The question before the Supreme Court was how to calculate the amount Samsung should pay for their copying. Our case has always been about Samsung's blatant copying of our ideas, and that was never in dispute. We will continue to protect the years of hard work that has made iPhone the world's most innovative and beloved product. We remain optimistic that the lower courts will again send a powerful signal that stealing isn't right.
Calvin Klein, Dieter Rams, and over 100 other top designers backed Apple last year, arguing the iPhone maker is entitled to all profits Samsung has earned from infringing designs. They cited a 1949 study stating that more than 99 percent of Americans could identify a bottle of Coca-Cola by shape alone.

Apple was initially awarded nearly $1 billion in damages, but a significant part of the decision was reversed in 2015, leaving Samsung owing $548 million. The amount was eventually lowered to $399 million in subsequent retrials.


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Angela Ahrendts Says Apple Won’t Try to Upsell Customers to iPhone X

Apple Store employees won't try to upsell customers to the iPhone X, according to Apple's retail chief Angela Ahrendts.


Ahrendts, who is in Chicago today for the grand opening of Apple's new Michigan Avenue store, told CNBC that Apple recognizes each customer has different needs that may not require purchasing the most expensive iPhone model.
"Internally we said the tagline was 'an iPhone for everyone,'" she said. "I prefer that we ask you who you're buying it for. If they're 6 or 7 years old, what do they need? If it's someone who's leaning into something else, what do they need? We do that with Mac, we do that with iPad, why wouldn't we do that with [the] phone?"
iPhone X starts at $999 in the United States with 64GB of storage, while a 256GB model is available for $1,149. By comparison, the iPhone 8 and iPhone 8 Plus start at $699 and $799 respectively.

Ming-Chi Kuo, a reputable Apple analyst at KGI Securities, recently said only 2-3 million iPhone X units will be available to purchase when the device launches. Pre-orders begin October 27 at 12:01 a.m. Pacific Time.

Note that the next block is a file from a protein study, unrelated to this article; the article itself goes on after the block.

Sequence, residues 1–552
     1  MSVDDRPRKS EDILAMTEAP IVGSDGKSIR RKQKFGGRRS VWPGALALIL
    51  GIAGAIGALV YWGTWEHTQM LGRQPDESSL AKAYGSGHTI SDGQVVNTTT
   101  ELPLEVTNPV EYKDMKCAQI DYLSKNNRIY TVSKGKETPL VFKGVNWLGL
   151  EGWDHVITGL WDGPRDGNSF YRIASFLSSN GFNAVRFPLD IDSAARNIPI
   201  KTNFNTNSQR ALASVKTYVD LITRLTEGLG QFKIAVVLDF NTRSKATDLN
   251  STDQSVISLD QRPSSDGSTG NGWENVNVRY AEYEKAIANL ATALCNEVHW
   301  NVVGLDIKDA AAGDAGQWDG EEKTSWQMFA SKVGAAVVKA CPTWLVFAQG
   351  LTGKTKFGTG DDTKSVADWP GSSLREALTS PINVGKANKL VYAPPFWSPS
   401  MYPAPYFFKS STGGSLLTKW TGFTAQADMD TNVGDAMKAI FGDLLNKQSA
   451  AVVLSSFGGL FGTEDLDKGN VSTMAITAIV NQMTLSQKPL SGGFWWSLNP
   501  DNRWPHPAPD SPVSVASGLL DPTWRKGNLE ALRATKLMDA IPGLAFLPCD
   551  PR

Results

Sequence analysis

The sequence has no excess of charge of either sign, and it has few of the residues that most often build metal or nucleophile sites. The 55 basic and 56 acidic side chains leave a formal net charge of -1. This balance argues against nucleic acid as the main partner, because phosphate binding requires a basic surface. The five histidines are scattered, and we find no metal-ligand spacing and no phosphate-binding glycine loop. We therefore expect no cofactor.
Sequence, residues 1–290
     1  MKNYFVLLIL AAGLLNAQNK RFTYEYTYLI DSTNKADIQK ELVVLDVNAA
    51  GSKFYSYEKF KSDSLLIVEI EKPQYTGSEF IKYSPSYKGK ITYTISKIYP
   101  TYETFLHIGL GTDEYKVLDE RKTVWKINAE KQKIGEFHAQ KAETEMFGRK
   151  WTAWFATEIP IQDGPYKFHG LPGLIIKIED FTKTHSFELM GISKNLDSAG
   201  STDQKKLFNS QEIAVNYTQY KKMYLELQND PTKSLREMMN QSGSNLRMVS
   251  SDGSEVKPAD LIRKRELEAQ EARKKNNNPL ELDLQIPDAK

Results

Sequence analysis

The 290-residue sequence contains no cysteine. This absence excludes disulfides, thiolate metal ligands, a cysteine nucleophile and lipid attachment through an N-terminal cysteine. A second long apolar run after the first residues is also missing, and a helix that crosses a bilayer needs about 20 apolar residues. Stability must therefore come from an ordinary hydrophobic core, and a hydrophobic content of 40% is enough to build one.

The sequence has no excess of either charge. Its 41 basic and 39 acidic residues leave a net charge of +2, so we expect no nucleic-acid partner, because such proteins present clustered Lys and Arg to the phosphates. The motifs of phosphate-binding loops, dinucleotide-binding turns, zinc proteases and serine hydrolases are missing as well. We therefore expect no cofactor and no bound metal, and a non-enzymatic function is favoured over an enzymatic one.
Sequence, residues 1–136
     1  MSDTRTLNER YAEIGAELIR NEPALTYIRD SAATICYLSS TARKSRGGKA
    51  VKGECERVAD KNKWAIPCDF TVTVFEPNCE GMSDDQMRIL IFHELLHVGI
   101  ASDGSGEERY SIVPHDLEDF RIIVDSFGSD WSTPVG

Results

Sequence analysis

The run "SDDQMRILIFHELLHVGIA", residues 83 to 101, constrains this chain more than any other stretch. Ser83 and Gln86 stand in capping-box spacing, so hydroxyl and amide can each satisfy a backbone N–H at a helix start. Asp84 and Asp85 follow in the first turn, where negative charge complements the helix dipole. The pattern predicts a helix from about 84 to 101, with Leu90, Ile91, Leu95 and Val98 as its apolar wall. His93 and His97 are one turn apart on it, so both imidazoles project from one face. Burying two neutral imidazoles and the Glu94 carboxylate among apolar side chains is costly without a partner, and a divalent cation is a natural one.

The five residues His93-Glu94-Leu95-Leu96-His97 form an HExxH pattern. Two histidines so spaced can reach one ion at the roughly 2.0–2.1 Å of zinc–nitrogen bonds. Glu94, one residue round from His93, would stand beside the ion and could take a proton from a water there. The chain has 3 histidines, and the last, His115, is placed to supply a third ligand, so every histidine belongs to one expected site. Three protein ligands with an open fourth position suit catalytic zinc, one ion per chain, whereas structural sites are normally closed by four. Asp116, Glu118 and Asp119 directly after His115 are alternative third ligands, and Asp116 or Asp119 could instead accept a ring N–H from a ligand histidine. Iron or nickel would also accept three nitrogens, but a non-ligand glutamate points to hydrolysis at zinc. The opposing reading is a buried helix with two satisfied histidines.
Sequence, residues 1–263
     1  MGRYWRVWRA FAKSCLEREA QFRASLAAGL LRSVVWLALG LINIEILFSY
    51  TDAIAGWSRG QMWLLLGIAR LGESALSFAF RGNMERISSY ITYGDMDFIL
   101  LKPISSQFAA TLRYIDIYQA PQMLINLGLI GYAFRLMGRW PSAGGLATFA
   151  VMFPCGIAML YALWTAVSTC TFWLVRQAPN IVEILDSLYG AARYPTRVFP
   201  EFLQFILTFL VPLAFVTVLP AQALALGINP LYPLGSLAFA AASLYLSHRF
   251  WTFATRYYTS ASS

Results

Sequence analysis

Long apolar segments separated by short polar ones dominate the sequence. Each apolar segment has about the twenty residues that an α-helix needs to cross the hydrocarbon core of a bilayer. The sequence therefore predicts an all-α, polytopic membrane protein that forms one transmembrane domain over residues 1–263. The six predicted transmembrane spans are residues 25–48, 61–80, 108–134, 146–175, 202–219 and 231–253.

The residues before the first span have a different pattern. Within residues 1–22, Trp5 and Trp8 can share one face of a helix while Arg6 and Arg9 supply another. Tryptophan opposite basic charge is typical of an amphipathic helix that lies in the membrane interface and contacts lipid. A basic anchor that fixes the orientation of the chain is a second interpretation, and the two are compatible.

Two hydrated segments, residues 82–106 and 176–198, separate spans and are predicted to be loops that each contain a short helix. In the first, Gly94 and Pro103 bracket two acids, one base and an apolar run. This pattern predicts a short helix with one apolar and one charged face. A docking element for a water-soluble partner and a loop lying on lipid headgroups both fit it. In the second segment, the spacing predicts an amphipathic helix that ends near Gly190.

Related: iPhone X vs. iPhone 8 vs. iPhone 8 Plus

Related Roundup: iPhone X

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Apple COO Jeff Williams and Foxconn Chief Will Reportedly Meet Amid iPhone X Production Issues

Apple's operating chief Jeff Williams will reportedly meet Foxconn chairman Terry Gou later this month, following several reports about ongoing iPhone X production issues, according to Nikkei Asian Review.


While the report did not say which topics Gou and Williams will discuss, it said the two executives will presumably look at ways to deal with the manufacturing bottleneck for Apple's new high-end smartphone.

Williams will be visiting Taiwan for the 30th anniversary of TSMC, the sole supplier of the A11 Bionic chip in the latest iPhone models, the report said. A ceremony marking the celebration is scheduled for Monday.

Apple's suppliers are still struggling to perfect manufacturing of the iPhone X's TrueDepth camera and 3D facial recognition system, according to the report. KGI Securities analyst Ming-Chi Kuo highlighted the issues last month.

Multiple reports have claimed it has taken more time to assemble the TrueDepth system's so-called "Romeo" module than the "Juliet" module.

The "Romeo" module reportedly includes the dot projector that beams more than 30,000 invisible dots to create a precise depth map of your face, while the "Juliet" module includes the infrared camera that analyzes the pattern. Together, they help power new iPhone X features such as Face ID and Animoji.

Foxconn is the sole assembler of the iPhone X, while its subsidiary Sharp and LG Innotek are reportedly responsible for assembling the 3D sensor modules.

Today's report cited an industry executive who said that while the yield rate has improved, it has not yet reached a satisfactory level. The executive believes it's unlikely the yield rate will reach a level that will enable Apple's suppliers to churn out the iPhone X at their full capacity by the end of October.

Jeff Pu, an analyst with Taipei-based Yuanta Investment Consulting, recently cut his forecast of the number of iPhone X devices that will be produced this year from 40 million units to 36 million. It was the second time he has revised down his estimate, which originally totaled 45 million earlier this year.

iPhone X pre-orders begin one week from today in the United States and more than 55 other countries. The device launches November 3.

Related Roundup: iPhone X

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Sonnet Launches Thunderbolt 3 to Dual HDMI 2.0 Adapter Compatible With Mac